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Puget sound gefillte fish.

Abundant fresh salmon from Puget Sound inspired Helen Gurvich to create this version of gefillte fish, a dish she serves in celebration of Rosh Hashana, Jewish New Year. Traditionally, the dish is a mixture of ground whitefish, onions, eggs, and matzo meal, shaped into balls and poached in broth made from the fish trimmings. Made with the orange-red fish, gefillte fish has a pretty pale pink color. We've streamlined the process to help busy cooks. Get a quick start with boned and skinned fish. If you chop the fish in a food processor, you must be careful not to purse it. Season fish, pat into balls, and poach in water or broth.

There are options for serving. You can offer the gefillte fish warm or cold on salad greens as a first course, or in the flavored broth as a soup. Either way, dill pickles and a sharp horseradish and dill sauce are classic companions.

Salmon Gefillte Fish

3/4 pound chilled boned and skinned

salmon, cut into 1 -inch chunks

3/4 pound chilled boned and skinned

white-flesh fish such as Lingcod

or rockfish, cut into 1 -inch


1 medium-size onion, coarsely


2 large eggs

About 1/2 cup matzo meal

1 1/2 teaspoons pepper


Broth (recipe follows) or 2 quarts


1 to 1 1/2 quarts mixed salad greens,

rinsed and crisped

Dill pickle spears

Horseradish sauce (recipe follows)

Grind salmon and Lingcod through the fine blade of a food chopper.

(Or whirl 1/3 of fish at a time in a food processor until very finely chopped, about 20 seconds; do not puree.) Put fish in a large bowl, cover, and refrigerate.

Whirl onion in a food processor until smoothly pureed. (Or whirl onion and eggs in a blender until smoothly pureed.)

To fish add onion, eggs, 1/2 cup matzo meal, pepper, and 1/2 teaspoon salt; stir until blended. Mixture should be just firm enough to hold its shape when formed into a ball with your hands. If too soft, stir in 2 to 3 more tablespoons matzo meal.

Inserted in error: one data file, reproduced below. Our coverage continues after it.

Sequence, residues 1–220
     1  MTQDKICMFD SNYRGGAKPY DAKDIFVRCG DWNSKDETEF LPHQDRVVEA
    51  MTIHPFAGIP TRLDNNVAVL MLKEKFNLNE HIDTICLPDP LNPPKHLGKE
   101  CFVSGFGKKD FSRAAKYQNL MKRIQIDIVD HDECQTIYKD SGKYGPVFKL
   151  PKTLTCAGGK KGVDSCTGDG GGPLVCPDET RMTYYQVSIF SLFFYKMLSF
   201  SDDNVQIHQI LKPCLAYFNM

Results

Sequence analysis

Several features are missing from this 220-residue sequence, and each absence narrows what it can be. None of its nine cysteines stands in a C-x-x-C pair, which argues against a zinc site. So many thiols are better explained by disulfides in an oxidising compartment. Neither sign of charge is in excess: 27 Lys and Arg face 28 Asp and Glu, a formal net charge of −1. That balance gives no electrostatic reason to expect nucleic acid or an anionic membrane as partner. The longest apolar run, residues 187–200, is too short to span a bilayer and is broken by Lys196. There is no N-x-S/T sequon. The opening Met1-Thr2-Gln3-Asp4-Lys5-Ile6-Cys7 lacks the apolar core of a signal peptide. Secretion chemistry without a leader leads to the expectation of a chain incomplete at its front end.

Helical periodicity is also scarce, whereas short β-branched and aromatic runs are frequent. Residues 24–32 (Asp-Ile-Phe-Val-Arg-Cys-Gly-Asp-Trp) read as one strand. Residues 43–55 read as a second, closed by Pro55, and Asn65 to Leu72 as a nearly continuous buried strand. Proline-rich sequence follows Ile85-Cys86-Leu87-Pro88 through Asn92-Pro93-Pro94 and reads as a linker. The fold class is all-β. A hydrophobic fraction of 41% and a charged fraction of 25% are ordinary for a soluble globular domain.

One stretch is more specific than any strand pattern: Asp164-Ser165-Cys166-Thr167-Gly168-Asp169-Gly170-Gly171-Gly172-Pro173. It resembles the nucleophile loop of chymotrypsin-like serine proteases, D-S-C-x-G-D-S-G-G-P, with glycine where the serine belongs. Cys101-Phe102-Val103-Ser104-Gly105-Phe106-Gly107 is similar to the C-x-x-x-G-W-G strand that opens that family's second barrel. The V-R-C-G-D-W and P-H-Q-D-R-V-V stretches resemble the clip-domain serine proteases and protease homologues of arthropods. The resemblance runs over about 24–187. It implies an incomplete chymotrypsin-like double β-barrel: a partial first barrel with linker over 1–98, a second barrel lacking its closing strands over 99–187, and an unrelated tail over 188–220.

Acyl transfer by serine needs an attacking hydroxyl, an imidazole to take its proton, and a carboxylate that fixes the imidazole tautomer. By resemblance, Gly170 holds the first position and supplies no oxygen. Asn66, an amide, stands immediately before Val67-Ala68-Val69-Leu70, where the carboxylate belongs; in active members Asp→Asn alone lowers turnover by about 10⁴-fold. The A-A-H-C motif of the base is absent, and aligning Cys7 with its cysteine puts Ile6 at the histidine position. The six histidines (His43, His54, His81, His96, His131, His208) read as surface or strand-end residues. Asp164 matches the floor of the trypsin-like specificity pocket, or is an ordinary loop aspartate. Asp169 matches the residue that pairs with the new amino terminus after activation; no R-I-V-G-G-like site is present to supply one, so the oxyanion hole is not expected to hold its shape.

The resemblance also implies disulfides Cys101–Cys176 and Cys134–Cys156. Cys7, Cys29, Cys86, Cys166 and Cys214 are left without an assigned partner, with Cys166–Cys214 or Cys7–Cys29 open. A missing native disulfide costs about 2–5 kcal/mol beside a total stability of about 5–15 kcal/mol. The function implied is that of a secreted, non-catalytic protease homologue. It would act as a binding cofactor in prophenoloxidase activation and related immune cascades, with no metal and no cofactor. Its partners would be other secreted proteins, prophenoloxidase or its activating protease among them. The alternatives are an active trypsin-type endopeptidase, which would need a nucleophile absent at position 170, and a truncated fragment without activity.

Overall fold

With your hands, pat fish mixture, 2 tablespoons at a time, into smooth balls and set slightly apart. Rinse hands frequently in cool water to prevent sticking.

In a 5- to 6-quart pan over high heat, bring broth to a boil; adjust heat to simmer. Add enough fish balls to pan to make a single layer without crowding. Simmer, uncovered, until balls are opaque in center (cut to test), about 10 minutes.

Lift gefillte fish from pan with a slotted spoon; drain on paper towels in a warm place. Repeat to cook remaining balls. If cooked in broth, you can save broth and serve gefillte fish in it (directions follow).

Serve fish warm or chilled. If made ahead, cool, cover, and chill fish until cold, at least 3 hours or until next day.

Arrange salad greens on individual plates or a platter; lay fish on the greens and accompany with pickles, horseradish sauce, and salt to taste. Makes 4 to 6 servings, 4 or 6 balls each.- Helen Gurvich, Seattle.

Broth. In a 5- to 6-quart pan, combine 1 large onion, quartered; 2 large carrots and 2 stalks celery, each cut into 1 -inch pieces; 1 tablespoon black peppercorns; 2 quarts water; and 3 fish or chicken bouillon cubes. Bring to a boil on high beat, cover, and simmer until vegetables are very soft, about 45 minutes. Pour broth through a colander into a bowl. Discard vegetables and return broth to pan.

Horseradish sauce. Combine 3/4 cup sour cream, 1/4 cup prepared horseradish, and 1 tablespoon chopped fresh dill or 1 1/2 teaspoons dry dill weed.

Gefillte Fish Soup

Prepare salmon gefillte fish (recipe precedes) and cook in the broth. Omit salad greens. When all the fish is cooked, pour the broth through a colander lined with several layers of cheesecloth into a bowl. Rinse pan, then return broth to it. Bring to boiling over high heat, then add cooked gefillte fish. Cover, remove from heat, and let stand until balls are heated through (cut to test), about 5 minutes.

Ladle soup into 4 to 6 bowls; garnish with fresh dill sprigs (optional). Add horseradish sauce and salt to taste. Accompany with pickles. Serves 4 to 6.
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Title Annotation:includes recipes
Date:Sep 1, 1987
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